LA: Outrageous Verdict in Donovan Jackson-Chavis Case

Revolutionary Worker #1266, January 30, 2005, posted at

The first frames of the video show a skinny young kid lying face down on the asphalt, handcuffed, utterly still. Four beefy cops surround him. They yank his limp body off the pavement by grabbing the silver chain around his neck. He is choked unconscious. They slam him hard face-first onto the trunk of the black-and-white. The blow jolts him awake. The camcorder zooms in on his face: His mouth is red-wet, and the blood smears across his cheek. His jaw is slack and his eyes can’t focus. He tries to lift his head, but it falls back down. The four cops are close around him, an unforgiving wall. Officer Jeremy Morse, on the Inglewood force for three years, grabs the back of the kid’s head and turns it to the right, spending a few seconds to position it just so. He smashes his clenched fist into the youth’s face, then wraps his hands around his throat. On the video, you can see Morse’s face clearly: contorted by a grimace, teeth bared in a snarl, he truly does look like a beast.

Revolutionary Worker, July 21, 2002

Millions of people saw the brutal police beating of 16-year-old Donovan Jackson-Chavis.

Two cops lost their jobs, and another was suspended for 10 days. Two of the cops were indicted by a grand jury for brutality, and for lying in their police reports.

You might think a good case of racial discrimination could be argued against the cops who savagely beat Donovan Jackson-Chavis.

But NO!

The cops argued that THEY were discriminated against because they are white. And on January 18—the day after Martin Luther King Jr.’s birthday—Superior Court jury gave $2.4 million—TO THE COPS!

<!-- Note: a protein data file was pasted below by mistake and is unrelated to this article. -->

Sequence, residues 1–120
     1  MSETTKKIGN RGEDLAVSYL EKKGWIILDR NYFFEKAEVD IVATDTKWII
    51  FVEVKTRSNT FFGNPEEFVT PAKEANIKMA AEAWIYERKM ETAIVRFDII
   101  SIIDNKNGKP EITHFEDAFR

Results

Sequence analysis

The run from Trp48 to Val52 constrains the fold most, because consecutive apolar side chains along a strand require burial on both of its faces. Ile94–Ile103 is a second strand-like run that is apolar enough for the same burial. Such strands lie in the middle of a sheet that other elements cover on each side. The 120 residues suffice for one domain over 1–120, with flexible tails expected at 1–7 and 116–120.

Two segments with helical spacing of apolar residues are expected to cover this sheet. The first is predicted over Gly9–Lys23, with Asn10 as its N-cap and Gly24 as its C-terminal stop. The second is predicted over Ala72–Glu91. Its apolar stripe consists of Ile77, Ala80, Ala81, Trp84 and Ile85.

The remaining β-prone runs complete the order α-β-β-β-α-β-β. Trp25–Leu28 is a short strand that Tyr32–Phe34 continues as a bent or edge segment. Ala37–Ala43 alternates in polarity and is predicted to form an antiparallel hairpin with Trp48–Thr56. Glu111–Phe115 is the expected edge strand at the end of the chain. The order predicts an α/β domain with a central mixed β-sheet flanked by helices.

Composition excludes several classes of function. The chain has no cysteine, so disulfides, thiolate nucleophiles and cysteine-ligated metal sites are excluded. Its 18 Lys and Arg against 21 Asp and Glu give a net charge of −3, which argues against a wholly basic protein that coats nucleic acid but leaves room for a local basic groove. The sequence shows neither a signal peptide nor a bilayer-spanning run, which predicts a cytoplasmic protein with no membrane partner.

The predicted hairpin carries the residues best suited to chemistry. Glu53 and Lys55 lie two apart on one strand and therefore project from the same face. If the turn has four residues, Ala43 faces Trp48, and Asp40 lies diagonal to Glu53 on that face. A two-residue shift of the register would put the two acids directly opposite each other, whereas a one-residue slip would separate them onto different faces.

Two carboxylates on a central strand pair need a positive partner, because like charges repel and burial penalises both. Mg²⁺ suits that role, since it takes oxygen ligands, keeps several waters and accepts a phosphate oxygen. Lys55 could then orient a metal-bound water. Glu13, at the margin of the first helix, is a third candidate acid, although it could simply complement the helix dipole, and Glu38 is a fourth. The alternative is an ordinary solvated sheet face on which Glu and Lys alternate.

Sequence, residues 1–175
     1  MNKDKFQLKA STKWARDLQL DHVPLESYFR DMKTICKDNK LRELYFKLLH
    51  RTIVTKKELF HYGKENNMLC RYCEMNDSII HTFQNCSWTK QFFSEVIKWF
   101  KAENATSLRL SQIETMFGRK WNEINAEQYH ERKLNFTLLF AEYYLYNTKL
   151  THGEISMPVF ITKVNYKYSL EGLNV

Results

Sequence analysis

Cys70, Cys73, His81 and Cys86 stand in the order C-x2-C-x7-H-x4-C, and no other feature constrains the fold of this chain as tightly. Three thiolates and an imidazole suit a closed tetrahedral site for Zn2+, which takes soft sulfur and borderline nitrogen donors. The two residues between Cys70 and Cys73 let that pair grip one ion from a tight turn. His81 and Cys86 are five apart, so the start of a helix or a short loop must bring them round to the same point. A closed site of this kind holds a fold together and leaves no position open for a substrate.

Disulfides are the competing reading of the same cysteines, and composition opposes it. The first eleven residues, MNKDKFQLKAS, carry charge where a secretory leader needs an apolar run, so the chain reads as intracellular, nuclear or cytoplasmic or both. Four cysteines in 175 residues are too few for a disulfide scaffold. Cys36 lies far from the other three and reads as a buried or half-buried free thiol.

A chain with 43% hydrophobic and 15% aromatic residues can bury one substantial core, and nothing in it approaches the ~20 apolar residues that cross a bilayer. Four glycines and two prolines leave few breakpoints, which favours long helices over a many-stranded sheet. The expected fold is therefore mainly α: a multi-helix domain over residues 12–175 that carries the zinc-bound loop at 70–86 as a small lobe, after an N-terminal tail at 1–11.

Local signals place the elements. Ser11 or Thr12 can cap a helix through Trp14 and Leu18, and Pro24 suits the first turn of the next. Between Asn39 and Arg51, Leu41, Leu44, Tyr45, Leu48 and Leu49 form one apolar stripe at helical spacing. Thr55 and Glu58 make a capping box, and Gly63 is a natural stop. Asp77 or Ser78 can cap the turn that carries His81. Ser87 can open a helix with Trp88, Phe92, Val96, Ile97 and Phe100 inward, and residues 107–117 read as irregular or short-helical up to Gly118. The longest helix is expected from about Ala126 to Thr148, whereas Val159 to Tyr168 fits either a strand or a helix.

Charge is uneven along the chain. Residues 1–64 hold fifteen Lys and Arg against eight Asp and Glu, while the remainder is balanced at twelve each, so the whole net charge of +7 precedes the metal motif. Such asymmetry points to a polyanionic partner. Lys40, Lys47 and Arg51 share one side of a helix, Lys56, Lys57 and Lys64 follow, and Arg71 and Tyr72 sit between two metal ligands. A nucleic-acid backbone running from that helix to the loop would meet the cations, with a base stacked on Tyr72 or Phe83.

And the only person off this incident to go to jail is Mitchell Crooks, the guy who shot the video.

Nancy Goins, Donovan Jackson-Chavis’s aunt, said, "It seems they’re getting millions of dollars for beating someone."

The City of Inglewood is just south of the Crenshaw district of Los Angeles. It is a mainly Black city, with an African-American mayor and police chief. But most of the cops are white. And like many areas with a large population of oppressed nationalities, it’s bait for cops patrolling nearby areas.

That’s what happened on the afternoon of July 6. Donovan Jackson-Chavis had been riding with his father Coby Chavis when they were pulled over by L.A. County Sheriffs who, according to the department, were "passing through" Inglewood and "found it necessary" to check on the vehicle registration of a Black man in a car in front of them.

When the Sheriffs found the registration had expired, they pulled them over into a gas station to write a ticket.The Inglewood police arrived minutes later. They ordered Donovan to put his hands on the car, but he acted as if he didn’t hear them. His dad tried to intervene, but the cops restrained him. Donovan just kept on moving forward as if he didn’t even hear the cops yelling at him, as if he didn’t understand what he saw happening right in front of him. And, in fact, that’s pretty close to the way it was: 16-year-old Donovan, a very shy and very quiet Special Ed student, has a developmental disability that includes auditory processing delays that slow down how his brain processes what he hears. In other words, while Donovan hears and understands, his reactions are delayed while the sounds work their way through his brain. It takes him a while to react to things.